Tuesday the 6th February marked the 100th anniversary of the suffragette movement gaining rights for some women. Eva Muñoz Picazo attended a speech by Baroness Hale, President of the Supreme Court here at the University of Manchester, and recalls the lessons learnt over the last 100 years
On the 8th of February, the accomplished Baroness Hale of Richmond, President of the Supreme Court, returned to the university that she taught at from 1966 to 1984 to deliver a compelling talk on the achievements of women in the past a hundred years.
Baroness Hale has been a “woman of many firsts”; first woman President of the Supreme Court, first woman Lord of Appeal in Ordinary, first woman to be appointed to the Law Commission, and the first person to make High Court judge as an academic and public servant rather than a practising barrister. On this occasion, she was commemorating 2018 marking the centenary of some women’s right to vote and the right of women to stand in Parliament, as well as the 90th anniversary since all women gained the right to vote.
Baroness Hale told the story of three women that inspired her: Christabel Pankhurst, Margaret Haigh Thomas and Baroness Hale’s own mother. Christabel Pankhurst, honoured in these series of talks, was one of the driving forces of the Suffragette movement, who alongside her mother founded the Women’s Social and Political Union.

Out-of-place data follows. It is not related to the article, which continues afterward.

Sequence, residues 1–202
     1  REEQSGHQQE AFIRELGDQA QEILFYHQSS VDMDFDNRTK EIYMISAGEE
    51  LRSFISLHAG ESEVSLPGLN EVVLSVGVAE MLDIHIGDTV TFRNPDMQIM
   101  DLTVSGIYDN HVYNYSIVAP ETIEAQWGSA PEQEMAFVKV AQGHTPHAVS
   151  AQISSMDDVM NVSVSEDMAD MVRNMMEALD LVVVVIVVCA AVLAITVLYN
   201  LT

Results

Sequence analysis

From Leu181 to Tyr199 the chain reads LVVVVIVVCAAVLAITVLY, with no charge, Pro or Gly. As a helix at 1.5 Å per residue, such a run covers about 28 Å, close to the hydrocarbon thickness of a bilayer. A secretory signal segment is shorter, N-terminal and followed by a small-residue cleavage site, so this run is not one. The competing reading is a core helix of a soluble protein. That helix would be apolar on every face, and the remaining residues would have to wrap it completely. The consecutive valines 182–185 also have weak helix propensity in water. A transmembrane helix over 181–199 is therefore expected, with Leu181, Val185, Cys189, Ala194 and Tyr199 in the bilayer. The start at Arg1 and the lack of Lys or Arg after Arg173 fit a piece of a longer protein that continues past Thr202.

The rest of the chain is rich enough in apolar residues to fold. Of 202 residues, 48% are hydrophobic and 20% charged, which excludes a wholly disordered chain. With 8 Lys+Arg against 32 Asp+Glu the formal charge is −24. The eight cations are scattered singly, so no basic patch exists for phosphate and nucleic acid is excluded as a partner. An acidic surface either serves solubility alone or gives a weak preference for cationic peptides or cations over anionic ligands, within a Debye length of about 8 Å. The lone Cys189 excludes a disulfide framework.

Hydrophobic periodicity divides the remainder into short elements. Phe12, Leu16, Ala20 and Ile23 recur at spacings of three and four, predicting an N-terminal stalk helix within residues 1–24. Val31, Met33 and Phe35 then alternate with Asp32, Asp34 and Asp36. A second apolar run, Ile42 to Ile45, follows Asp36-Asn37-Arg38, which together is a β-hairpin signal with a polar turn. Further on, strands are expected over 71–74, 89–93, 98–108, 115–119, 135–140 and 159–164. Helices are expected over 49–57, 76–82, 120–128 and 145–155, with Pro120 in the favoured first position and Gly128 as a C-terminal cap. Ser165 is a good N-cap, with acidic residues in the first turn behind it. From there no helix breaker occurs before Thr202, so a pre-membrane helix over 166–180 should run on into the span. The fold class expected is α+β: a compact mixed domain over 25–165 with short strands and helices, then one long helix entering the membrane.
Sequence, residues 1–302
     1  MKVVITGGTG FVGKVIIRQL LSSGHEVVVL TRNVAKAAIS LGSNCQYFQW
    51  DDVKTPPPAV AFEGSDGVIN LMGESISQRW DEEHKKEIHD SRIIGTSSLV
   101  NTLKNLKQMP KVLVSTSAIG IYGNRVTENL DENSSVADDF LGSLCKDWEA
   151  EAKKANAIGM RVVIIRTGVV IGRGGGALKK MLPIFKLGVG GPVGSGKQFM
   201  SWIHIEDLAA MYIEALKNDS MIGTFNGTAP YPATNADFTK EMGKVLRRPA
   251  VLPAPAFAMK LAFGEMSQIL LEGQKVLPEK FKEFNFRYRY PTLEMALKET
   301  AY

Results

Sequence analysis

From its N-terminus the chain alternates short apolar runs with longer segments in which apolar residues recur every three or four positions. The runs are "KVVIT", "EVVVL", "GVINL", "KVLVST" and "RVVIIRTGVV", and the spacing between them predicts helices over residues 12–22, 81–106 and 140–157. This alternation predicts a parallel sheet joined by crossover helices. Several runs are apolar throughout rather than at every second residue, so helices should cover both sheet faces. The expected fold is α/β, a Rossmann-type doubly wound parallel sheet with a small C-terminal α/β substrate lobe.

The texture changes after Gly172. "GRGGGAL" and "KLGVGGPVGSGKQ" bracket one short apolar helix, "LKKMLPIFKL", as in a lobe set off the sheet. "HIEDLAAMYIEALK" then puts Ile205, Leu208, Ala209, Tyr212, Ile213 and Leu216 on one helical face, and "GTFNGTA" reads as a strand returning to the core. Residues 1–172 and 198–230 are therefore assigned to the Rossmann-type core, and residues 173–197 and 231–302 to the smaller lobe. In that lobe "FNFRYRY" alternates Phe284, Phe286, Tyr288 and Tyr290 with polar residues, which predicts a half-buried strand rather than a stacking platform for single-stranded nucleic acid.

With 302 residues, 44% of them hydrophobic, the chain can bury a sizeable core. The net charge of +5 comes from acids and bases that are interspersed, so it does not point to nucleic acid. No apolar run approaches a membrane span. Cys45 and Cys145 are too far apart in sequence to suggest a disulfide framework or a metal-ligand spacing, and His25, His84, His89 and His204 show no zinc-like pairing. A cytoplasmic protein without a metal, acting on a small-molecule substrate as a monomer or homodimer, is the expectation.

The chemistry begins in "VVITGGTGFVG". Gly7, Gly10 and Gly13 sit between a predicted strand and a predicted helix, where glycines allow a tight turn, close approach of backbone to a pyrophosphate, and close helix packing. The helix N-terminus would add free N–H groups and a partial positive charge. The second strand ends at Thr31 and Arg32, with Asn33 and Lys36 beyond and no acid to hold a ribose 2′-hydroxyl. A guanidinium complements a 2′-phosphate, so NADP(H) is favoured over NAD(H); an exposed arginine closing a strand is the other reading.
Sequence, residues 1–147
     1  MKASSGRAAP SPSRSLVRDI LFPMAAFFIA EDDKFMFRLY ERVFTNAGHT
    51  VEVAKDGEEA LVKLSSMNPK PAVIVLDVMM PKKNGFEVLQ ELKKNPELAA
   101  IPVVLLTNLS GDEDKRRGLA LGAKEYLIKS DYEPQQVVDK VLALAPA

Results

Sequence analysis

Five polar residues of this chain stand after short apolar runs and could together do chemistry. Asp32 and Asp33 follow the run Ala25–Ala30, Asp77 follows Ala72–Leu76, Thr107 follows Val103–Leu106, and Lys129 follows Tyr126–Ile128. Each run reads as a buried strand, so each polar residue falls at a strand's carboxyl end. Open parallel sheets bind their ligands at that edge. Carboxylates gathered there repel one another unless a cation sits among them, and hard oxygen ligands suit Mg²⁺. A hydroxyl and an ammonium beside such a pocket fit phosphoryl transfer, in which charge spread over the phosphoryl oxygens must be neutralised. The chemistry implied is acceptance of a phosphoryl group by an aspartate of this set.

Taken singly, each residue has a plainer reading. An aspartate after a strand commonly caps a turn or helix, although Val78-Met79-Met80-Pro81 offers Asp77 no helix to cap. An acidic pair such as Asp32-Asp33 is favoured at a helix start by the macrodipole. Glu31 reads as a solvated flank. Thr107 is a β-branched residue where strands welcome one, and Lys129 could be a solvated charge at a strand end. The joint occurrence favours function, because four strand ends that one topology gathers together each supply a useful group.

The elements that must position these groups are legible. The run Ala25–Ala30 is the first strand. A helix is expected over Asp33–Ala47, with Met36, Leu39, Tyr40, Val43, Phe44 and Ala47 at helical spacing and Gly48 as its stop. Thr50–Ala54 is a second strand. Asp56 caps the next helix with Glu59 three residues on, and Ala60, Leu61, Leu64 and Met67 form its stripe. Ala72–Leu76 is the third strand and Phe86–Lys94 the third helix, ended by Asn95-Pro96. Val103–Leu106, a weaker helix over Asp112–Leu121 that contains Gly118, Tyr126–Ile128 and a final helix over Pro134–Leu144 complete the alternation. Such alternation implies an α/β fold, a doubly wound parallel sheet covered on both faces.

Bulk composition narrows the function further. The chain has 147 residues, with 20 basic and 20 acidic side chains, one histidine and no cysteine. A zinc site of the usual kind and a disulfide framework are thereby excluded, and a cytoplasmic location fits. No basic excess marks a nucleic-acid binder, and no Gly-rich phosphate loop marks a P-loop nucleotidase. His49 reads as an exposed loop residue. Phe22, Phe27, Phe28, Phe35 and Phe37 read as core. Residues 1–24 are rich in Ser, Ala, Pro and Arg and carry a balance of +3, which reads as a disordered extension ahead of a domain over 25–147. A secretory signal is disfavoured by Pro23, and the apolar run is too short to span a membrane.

Margaret Haigh Thomas, Lady Rhondda, was a leading equalitarian feminist in her day who founded a pressure group called the Six Point Group, a feminist journal, and who went on hunger strike after being imprisoned for committing arson during her work as a militant suffragette. She also fought to obtain her wrongly denied place in the House of Lords appointed to her by her father. Moreover, Baroness Hale’s mother was part of the first generation of women who obtained the right to vote and whose hard work exemplified a generation of women who were moving away from the “expectation of dependence to beginning of independence”.
Baroness Hale then spoke on modern day sexism and the difficulty that women in the work force find between the need for positive discrimination, which attempts to decrease institutional sexism, and our desire to be “appointed on merit not a statistic”.
The talk was incredibly poignant and inspiring, and Baroness Hale is a role model to women whose job as President of the Supreme Court hopefully showcases the beginning of an end to institutional sexism. After this excellent talk, what has become clear is that women still have a long way to go until we reach a much desired equality. Even though the last a hundred years have made a significant change, women still face discrimination in every aspect of their daily lives. As Baroness Hale said: “the women suffrage movement knew we needed equality and we should share that conviction”.